Marinades are mixtures of oil, seasonings, and often acidic ingredients, like vinegar, wine, or citrus juice, used to enhance the flavor of foods. There are different types of marinades, classified as acidic, enzymatic, or oil-based.
South American ceviche, raw fish cured in lime juice; German sauerbraten, braised beef marinated in red wine vinegar; and the northern Italian braised beef in red wine dish, Barolo al Brasato, are examples of acid-based marinades. They incorporate citrus juices, wine vinegar, or wine, along with aromatics and seasonings. Although we have been taught that acids, like vinegar, help to tenderize meats, they actually do the reverse, and toughen the outer surface, without penetrating much below it. In the case of ceviche, the small-diced texture of the fish makes it easy to chew; and sauerbraten and brasato are tenderized by braising.
Simple marinades of oil, herbs, and spices, are great for raw vegetable crudités, meat, fish, or poultry. Fresh herbs, dried chilies, garlic, and ginger are some options for these types of marinades. Oil options include olive, sesame, hazelnut, coconut, or oil blends.
Use 2 parts acid to 1 part oil. Acids include white or red wine, wine or fruit vinegar, and citrus juices. Yogurt, in Indian tandoori, and buttermilk for southern fried chicken, are tangy options. Remember that the more acidic they are (vinegar, citrus), the less you need. Soy sauce, fruit juices (pomegranate, tomato), or Thai fish sauce can also be used, as all or part of the acid. The oil can be neutral, such as canola or soy, or more flavorful, including olive or sesame oil. Add fresh or dried herbs as desired, including rosemary in an Italian marinade, or oregano in a Greek one. Spices vary depending on the flavor profile, for example an Indian marinade would use garam masala, or a Thai marinade would use a red or green curry. Other flavorings, including prepared Dijon mustard for a French flavor profile, coconut milk for a Caribbean style, or a hoisin sauce in a Chinese marinade, can also be incorporated. Aromatics, including garlic, ginger, onion, or chili peppers, are often included too.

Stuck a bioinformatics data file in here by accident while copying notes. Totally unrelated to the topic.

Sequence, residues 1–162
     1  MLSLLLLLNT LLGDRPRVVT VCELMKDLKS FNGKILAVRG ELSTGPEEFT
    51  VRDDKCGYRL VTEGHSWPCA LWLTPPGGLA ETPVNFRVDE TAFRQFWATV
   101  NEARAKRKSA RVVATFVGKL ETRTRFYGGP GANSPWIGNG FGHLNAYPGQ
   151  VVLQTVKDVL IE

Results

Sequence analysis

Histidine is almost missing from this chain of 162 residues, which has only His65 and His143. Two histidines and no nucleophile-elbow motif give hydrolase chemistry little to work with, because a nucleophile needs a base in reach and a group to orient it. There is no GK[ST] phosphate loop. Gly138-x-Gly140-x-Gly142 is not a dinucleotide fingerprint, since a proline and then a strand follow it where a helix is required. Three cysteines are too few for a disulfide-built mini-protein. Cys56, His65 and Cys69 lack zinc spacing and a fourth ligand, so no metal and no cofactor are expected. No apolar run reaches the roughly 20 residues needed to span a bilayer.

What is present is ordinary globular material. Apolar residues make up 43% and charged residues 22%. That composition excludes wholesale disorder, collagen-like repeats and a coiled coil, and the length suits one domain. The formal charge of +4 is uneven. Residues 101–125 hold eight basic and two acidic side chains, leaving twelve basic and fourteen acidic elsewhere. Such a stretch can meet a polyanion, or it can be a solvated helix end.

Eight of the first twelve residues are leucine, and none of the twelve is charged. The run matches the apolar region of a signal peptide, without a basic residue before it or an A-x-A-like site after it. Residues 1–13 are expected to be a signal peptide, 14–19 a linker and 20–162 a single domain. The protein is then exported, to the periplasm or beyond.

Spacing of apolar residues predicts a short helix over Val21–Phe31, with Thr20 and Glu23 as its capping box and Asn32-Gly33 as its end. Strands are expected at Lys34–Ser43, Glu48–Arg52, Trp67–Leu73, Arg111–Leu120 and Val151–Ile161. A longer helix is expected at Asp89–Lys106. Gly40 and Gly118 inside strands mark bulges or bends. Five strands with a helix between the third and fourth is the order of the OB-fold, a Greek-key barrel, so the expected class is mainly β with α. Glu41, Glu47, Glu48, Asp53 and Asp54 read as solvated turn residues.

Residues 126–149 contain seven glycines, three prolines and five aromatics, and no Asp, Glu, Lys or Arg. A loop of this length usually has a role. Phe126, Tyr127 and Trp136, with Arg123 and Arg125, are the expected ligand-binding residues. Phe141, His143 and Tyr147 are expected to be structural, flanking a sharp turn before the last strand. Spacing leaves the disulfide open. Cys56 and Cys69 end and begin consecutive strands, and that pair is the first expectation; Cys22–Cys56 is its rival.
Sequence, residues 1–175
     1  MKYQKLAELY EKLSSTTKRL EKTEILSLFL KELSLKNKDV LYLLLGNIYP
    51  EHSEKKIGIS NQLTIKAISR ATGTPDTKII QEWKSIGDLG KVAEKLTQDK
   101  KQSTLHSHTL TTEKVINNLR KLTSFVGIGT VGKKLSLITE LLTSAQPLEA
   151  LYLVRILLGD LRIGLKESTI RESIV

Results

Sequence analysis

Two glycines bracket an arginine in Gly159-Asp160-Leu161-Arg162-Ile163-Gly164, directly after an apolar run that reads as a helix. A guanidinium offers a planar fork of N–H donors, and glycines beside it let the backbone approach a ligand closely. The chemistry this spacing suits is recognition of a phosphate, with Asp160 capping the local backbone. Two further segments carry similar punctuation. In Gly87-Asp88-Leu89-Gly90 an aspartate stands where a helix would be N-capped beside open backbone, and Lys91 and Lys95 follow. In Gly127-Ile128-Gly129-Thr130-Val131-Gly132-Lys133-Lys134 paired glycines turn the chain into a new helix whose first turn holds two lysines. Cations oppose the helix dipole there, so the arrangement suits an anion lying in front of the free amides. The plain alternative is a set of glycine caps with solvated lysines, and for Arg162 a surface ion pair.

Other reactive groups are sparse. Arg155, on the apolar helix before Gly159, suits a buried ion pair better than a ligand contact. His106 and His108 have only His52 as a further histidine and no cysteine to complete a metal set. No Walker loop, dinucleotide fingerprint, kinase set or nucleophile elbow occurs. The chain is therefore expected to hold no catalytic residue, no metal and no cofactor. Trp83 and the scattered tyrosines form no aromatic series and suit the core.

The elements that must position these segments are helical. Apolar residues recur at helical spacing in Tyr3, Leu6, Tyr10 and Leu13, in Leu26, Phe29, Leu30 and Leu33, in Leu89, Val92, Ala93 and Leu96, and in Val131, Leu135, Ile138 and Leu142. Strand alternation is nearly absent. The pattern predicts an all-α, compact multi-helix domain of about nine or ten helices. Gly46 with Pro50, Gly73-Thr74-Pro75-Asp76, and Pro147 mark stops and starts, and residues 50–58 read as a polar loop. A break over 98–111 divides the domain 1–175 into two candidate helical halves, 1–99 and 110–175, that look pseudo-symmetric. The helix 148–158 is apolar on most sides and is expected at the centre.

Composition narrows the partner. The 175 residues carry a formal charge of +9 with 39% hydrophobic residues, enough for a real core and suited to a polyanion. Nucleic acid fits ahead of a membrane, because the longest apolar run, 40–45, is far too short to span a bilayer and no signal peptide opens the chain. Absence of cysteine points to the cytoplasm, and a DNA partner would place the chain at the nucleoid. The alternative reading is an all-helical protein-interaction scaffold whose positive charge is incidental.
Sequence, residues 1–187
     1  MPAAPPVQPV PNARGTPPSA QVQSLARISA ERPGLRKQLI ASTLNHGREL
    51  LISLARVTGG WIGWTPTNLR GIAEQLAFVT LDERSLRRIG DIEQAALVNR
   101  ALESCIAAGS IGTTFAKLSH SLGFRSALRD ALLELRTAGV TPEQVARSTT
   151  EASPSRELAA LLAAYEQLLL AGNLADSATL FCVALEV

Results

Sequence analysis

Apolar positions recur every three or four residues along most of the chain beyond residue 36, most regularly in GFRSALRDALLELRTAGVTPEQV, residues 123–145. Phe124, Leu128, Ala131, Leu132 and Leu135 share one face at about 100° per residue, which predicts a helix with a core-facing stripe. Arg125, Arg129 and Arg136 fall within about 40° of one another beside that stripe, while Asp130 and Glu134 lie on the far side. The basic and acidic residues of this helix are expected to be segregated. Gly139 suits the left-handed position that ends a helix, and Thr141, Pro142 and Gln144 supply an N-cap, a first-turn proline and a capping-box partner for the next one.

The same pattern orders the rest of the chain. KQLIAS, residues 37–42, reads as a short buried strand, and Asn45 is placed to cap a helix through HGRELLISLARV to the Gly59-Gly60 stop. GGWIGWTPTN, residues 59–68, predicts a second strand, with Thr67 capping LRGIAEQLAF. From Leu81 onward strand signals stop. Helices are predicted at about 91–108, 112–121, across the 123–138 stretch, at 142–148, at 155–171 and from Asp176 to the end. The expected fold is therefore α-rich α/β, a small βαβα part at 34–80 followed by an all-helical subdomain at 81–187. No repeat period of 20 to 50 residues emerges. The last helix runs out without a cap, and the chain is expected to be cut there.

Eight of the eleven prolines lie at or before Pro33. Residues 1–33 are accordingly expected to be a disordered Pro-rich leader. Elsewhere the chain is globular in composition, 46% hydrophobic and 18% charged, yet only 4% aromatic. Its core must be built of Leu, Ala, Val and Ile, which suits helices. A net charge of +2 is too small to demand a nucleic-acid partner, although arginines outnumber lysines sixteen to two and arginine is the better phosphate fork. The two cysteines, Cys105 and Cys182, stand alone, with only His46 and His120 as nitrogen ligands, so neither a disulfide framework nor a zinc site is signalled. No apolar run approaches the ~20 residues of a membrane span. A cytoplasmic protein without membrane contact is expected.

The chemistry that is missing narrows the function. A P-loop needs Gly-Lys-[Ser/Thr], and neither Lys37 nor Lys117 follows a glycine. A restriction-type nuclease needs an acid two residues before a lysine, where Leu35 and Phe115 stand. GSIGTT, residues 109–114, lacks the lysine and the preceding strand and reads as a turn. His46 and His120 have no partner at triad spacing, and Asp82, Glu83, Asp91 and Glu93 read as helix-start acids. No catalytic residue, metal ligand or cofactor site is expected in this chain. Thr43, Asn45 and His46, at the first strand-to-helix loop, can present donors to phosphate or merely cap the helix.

Enzymes found in certain fruits aid in the tenderization process, and are used to make tough cuts of meat more palatable. Papian, derived from papaya juice, contains protein enzymes (proteases), a commonly marketed steak tenderizer. These agents are also known to work too efficiently, and can make meat textures mushy and dry. When using papain, a small amount goes a long way. An amount equal to 0.05% of the weight of the product, is sufficient for most applications. Other tropical fruits with similar properties include kiwi, raw pineapple, honeydew melon, and figs.
Dairy-based marinades, such buttermilk or yogurt, are the only marinades that truly tenderize. The mild acids in these products don't toughen meats, the way citrus or vinegar marinades do. Calcium, a key ingredient in dairy products, activates enzymes in meat to break down proteins, similar to the way aged meats become tender.
Marinades only penetrate about ¼ inch/ 1 cm of the surface, so long marinating is not necessary. This chart includes recommended marinating times for meats, poultry, and seafood.